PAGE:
Exxon and Shell Earnings, Hurt by Natural Gas, Are Helped by Refining
November 1, 2012
HOUSTON — Exxon Mobil and Royal Dutch Shell reported lackluster earnings on Thursday because of declining oil and natural gas production and weak domestic gas prices.
The third-quarter results for the two energy giants would have been worse had it not been for strong performances from their refinery operations. Company executives also noted that the international oil business had been hurt by economic distress in Europe and Japan and weakening growth in China.
Energy analysts were not surprised by the results since natural gas prices in the United States were roughly 30 percent lower than the year before. Oil prices were little changed, but both companies have become increasingly dependent on gas production in recent years.
Exxon Mobil reported net income of $9.57 billion in the quarter, down from $10.33 billion a year ago, with revenue of $115.71 billion, nearly 8 percent lower than in the third quarter of 2011. For the first nine months, however, earnings were up 10 percent.
Shell reported net earnings, adjusted for charges, of $6.6 billion, down from $7 billion in the third quarter of 2011. The company was forced to write down $354 million in assets during the quarter, mainly gas fields in the United States. Shell had a $7.14 billion profit in the quarter, up 2.3 percent from last year, after including extraordinary items and inventory changes.
“The performance of each company’s exploration and production business lagged expectations,” said Philip H. Weiss, a senior energy analyst at Argus Research Group. “Natural gas prices, particularly in North America, have been weak, driving the underperformance.”
Exxon Mobil, the largest American oil company, became the country’s biggest gas producer three years ago when it bought XTO Energy for $41 billion. The purchase gave Exxon Mobil experienced personnel in exploring and drilling in shale formations, but gas drilling in the United States has become increasingly unprofitable the last couple of years and few analysts expect gas prices to increase much over the next year.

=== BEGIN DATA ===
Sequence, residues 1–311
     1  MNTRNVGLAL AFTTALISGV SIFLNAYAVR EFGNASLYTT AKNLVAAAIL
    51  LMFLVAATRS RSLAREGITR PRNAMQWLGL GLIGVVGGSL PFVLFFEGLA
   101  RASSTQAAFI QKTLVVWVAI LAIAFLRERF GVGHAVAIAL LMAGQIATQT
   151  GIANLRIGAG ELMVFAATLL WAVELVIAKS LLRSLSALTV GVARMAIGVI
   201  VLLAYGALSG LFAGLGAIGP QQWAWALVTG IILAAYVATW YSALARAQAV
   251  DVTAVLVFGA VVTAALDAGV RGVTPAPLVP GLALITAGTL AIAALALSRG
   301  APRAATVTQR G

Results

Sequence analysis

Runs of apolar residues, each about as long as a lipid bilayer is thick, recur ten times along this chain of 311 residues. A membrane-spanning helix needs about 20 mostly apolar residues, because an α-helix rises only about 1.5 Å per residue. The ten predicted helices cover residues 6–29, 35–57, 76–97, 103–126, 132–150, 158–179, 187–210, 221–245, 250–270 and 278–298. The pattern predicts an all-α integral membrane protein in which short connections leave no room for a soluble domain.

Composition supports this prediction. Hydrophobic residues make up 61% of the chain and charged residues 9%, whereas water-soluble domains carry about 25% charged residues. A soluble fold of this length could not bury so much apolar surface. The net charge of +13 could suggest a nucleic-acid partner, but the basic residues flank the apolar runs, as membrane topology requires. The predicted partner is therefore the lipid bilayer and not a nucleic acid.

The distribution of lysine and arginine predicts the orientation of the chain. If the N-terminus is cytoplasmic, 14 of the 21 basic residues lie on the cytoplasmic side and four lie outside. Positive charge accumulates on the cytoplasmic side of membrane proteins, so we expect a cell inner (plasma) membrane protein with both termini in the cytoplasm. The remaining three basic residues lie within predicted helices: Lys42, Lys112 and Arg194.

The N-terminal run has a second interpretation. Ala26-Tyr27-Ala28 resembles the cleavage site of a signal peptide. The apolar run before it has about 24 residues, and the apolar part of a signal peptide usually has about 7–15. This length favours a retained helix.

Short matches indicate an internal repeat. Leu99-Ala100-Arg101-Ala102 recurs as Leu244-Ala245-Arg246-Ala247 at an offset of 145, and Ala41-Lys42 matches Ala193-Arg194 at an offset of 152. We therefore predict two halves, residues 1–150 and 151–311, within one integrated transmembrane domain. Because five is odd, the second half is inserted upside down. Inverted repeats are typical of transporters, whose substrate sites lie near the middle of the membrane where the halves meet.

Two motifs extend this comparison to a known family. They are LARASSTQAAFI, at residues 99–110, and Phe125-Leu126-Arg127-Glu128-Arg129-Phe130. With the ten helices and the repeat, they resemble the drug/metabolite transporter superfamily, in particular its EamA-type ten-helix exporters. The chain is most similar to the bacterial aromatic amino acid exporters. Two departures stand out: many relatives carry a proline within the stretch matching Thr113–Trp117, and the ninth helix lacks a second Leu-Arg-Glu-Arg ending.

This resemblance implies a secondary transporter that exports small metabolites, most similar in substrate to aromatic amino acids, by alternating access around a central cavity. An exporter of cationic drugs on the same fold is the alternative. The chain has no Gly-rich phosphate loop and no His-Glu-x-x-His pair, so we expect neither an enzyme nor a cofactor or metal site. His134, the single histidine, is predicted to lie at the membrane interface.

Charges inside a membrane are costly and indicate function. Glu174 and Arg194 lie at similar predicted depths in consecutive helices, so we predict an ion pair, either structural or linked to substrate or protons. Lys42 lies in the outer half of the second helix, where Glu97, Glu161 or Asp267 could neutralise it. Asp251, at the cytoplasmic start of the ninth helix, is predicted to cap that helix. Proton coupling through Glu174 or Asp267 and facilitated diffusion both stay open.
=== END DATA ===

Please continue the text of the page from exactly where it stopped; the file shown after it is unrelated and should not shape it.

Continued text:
Both companies in recent months have shifted more American production to oil from gas, with Shell acquiring West Texas oil fields from Chesapeake Energy for nearly $2 billion and Exxon Mobil spending $1.6 billion to acquire acreage in the Bakken shale oil field in North Dakota from Denbury Resources.
Shell began drilling in Alaskan Arctic waters over the summer, though equipment problems and thick ice delayed operations. The company had hoped to complete up to five wells but was only able to begin drilling two wells. Nevertheless, the start of drilling culminated six years of legal and regulatory struggles and appeared to assure more exploration next summer.
Exxon Mobil was hurt by production problems in Kazakhstan and the North Sea, while Shell’s oil production was hurt by theft, flooding and political instability in Nigeria.
Exxon Mobil reported a decline of 1.8 percent in oil production for the quarter and a 1.3 percent gas production decline, excluding the impact of divestitures, production-sharing contracts and quotas set by the Organization of the Petroleum Exporting Countries. Shell’s production of oil and gas was down about 1 percent.
David Rosenthal, Exxon Mobil’s vice president for investor relations, said he was not overly concerned by the decline in production. “We are only slightly below” previous expectations, he said, adding: “Most of that production is pretty much back up,” referring to Kazakhstan and the North Sea.
Exxon’s stock price closed at $91.69 on Thursday, a 43-cent increase, while Shell’s price jumped $1.51, to $69.99.
A bright spot for both companies was improving results in their refining businesses. Exxon Mobil’s downstream earnings, mainly from refining, were nearly $3.2 billion, up $1.6 billion from the third quarter of 2011. But Simon Henry, Shell’s chief financial officer, noted in a conference call that improved refining margins were more the result of supply shortages than stronger demand.
“We’re seeing evidence of a weak economy all around us in our downstream, marketing and our chemicals business,” Mr. Henry said, “so the downstream rally over all could be short-lived.”
Quarterly financial results have been mixed in the oil patch. Total, the French oil giant, reported on Wednesday that its third-quarter profit jumped 20 percent, largely because of improved refinery margins. Conoco Phillips reported that its net income fell 30 percent in the quarter, with revenue declining 10 percent.
But many energy analysts say they believe that global oil demand could revive in the coming months, particularly if the Chinese economy strengthens. A Barclays research note this week predicted that in 2013 Chinese oil demand would increase 340,000 barrels a day, based on an expected rebound in manufacturing and truck sales.
Source: The New York Times
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